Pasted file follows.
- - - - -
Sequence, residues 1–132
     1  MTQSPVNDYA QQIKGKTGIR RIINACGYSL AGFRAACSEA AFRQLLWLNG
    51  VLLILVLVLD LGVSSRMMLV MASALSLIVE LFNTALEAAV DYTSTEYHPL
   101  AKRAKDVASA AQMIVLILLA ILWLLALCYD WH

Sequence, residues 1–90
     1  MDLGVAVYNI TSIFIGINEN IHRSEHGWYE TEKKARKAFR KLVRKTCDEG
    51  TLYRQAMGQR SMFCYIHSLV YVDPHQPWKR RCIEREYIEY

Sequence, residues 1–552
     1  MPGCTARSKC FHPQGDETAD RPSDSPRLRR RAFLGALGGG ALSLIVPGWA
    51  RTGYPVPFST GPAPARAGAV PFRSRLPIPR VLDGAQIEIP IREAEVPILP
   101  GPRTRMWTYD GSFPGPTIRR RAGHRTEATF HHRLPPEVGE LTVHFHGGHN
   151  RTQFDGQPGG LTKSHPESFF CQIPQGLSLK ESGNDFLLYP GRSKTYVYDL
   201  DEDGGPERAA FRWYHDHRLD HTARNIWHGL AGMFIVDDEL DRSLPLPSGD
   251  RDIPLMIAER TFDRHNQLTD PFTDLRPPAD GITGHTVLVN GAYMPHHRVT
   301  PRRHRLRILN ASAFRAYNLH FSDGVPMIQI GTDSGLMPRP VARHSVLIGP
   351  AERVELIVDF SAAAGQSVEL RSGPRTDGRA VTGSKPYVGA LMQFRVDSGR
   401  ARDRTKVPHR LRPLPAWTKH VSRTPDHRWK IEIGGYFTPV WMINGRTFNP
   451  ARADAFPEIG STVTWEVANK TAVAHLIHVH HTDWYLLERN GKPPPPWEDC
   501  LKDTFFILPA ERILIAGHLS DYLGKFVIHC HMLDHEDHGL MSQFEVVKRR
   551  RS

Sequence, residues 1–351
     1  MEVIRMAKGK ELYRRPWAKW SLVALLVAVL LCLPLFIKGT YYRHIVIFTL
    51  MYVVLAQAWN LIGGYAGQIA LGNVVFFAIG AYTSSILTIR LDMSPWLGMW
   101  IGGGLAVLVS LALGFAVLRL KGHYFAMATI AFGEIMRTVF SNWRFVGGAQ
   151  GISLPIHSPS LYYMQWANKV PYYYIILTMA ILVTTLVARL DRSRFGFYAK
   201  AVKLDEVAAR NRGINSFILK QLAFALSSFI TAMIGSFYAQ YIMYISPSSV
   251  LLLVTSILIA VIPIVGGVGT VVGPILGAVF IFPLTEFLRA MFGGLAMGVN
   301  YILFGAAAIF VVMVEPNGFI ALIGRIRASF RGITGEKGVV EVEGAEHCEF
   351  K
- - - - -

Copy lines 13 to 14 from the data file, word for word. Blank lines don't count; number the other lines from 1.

   201  DEDGGPERAA FRWYHDHRLD HTARNIWHGL AGMFIVDDEL DRSLPLPSGD
   251  RDIPLMIAER TFDRHNQLTD PFTDLRPPAD GITGHTVLVN GAYMPHHRVT